Food Standards Agency
Covid-19 Consumer Tracker waves one and two report published
The Food Standards Agency (FSA) yesterday published the findings for waves one and two of the Covid-19 Consumer Tracker.
The monthly tracker monitors attitudes, experience and behaviours of consumers in relation to food in England, Wales and Northern Ireland during the Covid-19 pandemic.
Findings highlight a distinct move towards more ‘local’ food purchasing behaviour (35% said they had done so more often, 11% less often); people similarly reported buying from local suppliers (such as farm shops, veg box schemes) more often.
People reported wasting or throwing away food less often (35% reported they had done so less often, 8% less often).
Food availability/ affordability
The number of people who have skipped meals or cut down on meal sizes due to not having enough money remained stable between April (18%) and May (16%). Age, having a physical or mental health condition, and the presence of a child in the household are significant factors. The number of people who used emergency food providers to access food remained stable between April (8%) and May (7%). This data helps us to understand the impact of concerns or experience of food unavailability or food insecurity on consumer food safety behaviours.
Eating food past use-by dates
The numbers of people reporting eating food that had gone past its use-by date varied by food type, ranging from 17% for smoked fish to 36% for bagged salads.
Heather Hancock, Chair at the Food Standards Agency, yesterday said:
“The Covid-19 Consumer Tracker is helping us understand people’s food concerns during these difficult times. This knowledge has already helped to inform the work of the Ministerial Taskforce on Vulnerabilities and will continue to do so.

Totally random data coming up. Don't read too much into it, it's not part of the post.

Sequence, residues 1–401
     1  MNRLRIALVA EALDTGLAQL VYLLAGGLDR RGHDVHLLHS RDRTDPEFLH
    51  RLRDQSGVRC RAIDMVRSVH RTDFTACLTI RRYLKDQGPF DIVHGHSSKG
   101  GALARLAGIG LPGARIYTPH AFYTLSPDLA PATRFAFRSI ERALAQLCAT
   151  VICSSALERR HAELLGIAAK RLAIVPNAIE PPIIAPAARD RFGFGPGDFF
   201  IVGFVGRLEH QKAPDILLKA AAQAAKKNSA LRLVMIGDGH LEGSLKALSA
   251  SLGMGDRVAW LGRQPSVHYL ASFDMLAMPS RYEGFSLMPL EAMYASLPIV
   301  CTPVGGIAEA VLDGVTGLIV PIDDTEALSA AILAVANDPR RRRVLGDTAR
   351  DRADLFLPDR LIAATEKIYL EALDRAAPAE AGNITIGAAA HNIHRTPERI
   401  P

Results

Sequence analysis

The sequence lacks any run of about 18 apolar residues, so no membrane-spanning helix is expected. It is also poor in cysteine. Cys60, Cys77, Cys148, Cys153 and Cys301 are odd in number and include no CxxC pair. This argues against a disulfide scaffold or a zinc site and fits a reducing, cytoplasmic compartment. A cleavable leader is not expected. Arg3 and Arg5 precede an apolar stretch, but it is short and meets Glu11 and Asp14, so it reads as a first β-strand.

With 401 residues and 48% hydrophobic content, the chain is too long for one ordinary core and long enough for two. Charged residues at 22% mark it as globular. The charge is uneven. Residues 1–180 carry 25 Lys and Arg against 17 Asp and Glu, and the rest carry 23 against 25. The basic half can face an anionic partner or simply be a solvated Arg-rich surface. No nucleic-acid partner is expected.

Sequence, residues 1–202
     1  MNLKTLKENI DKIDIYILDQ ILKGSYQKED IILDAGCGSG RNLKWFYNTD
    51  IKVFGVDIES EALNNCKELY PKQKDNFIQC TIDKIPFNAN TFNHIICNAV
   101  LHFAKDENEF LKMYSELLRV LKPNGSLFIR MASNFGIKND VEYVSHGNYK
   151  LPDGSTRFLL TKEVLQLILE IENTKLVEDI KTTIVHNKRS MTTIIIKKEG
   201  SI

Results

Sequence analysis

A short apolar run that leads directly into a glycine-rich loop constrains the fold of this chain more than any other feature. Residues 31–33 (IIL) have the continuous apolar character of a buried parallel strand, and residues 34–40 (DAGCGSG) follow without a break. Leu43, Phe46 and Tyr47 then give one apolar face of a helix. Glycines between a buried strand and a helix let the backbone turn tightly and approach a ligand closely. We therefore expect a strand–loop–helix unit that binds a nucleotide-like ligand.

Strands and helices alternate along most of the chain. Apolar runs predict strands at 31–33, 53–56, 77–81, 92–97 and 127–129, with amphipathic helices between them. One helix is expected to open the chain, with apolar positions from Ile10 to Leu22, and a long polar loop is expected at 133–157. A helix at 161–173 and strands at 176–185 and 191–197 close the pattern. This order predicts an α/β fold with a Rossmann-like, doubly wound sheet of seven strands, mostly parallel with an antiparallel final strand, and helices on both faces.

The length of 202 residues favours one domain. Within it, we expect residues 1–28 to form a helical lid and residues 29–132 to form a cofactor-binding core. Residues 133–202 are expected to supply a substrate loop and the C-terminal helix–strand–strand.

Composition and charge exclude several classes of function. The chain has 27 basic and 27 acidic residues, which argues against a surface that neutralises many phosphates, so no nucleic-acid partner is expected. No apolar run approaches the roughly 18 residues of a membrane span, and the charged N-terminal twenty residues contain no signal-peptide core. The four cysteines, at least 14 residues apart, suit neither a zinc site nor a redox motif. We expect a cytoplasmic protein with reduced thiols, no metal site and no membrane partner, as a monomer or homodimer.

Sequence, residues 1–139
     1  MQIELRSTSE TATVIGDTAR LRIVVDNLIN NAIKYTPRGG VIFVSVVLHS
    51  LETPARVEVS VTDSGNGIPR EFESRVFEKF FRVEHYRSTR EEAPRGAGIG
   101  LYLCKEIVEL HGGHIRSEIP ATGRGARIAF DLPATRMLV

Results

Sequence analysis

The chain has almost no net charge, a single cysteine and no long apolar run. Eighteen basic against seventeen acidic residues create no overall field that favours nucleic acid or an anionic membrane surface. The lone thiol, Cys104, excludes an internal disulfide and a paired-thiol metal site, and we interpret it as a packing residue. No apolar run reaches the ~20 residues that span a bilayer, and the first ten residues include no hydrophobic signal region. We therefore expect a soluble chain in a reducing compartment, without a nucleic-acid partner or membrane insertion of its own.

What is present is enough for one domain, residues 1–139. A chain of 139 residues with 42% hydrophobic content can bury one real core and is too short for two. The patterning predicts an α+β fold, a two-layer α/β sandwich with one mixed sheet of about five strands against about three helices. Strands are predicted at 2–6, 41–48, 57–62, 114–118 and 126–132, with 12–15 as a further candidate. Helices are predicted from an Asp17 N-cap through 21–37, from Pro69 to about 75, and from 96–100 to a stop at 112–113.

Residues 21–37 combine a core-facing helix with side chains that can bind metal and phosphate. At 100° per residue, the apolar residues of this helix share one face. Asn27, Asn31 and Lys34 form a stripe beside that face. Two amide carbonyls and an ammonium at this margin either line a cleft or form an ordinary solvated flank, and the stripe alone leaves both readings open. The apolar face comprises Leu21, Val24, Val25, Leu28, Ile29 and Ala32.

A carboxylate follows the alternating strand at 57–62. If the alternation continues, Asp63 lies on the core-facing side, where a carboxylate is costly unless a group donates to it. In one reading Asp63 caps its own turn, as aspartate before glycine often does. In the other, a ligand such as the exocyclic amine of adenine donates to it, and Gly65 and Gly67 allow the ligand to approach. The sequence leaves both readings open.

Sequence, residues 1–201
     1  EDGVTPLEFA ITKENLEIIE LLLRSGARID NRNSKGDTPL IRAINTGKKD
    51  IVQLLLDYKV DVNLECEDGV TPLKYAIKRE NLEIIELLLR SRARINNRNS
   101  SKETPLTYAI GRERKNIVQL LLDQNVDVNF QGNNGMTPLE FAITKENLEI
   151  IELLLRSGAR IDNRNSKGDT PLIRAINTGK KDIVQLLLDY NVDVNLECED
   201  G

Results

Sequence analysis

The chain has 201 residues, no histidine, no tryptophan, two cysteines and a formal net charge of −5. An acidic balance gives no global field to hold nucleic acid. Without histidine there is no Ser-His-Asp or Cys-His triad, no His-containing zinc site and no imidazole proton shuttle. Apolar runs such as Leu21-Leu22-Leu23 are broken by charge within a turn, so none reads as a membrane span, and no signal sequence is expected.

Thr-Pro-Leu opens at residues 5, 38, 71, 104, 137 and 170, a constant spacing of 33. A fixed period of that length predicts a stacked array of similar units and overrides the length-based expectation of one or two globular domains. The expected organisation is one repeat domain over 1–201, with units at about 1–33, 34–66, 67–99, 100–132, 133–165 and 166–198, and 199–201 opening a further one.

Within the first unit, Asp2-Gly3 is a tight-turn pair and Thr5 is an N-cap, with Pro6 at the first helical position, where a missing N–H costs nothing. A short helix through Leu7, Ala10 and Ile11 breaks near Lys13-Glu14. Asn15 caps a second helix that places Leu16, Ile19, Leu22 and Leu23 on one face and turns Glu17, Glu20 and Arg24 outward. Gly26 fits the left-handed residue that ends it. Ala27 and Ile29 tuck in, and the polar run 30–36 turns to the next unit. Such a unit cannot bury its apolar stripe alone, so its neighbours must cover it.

“I would like to say thank you to the voluntary sector and local authorities, who are working hard to find a variety of routes to address governments in the UK. We will continue to play our part in responding to this global pandemic and ensuring food is safe and what it says it is.”
People are buying fewer takeaways overall when compared to before lockdown; people reported this was due to financial reasons, cooking more at home, less availability, and concerns over food safety and hygiene.
Using food-sharing apps
Purchasing from sources such as vendors on Facebook Marketplace (7% April, 8% May) and food-sharing apps (8% April, 9% May) remained stable, with buyers more highly represented in younger groups and among those with no formal qualifications.
About the survey
The Food Standards Agency commissioned Ipsos MORI to develop its evidence base on issues affecting consumers and businesses in order to inform its Covid-19 response in the short to medium term.
Interviews for Wave 1 were conducted online in April 2020 and Wave 2 fieldwork took place online in May 2020. Ipsos MORI surveyed a representative sample of 2,039 adults in Wave 1 and 2,040 adults in Wave 2. Participants were aged 16-75 living in England, Wales and Northern Ireland.
Subsequent waves of research will run during June and July 2020 and results will be published in due course.
Read the report
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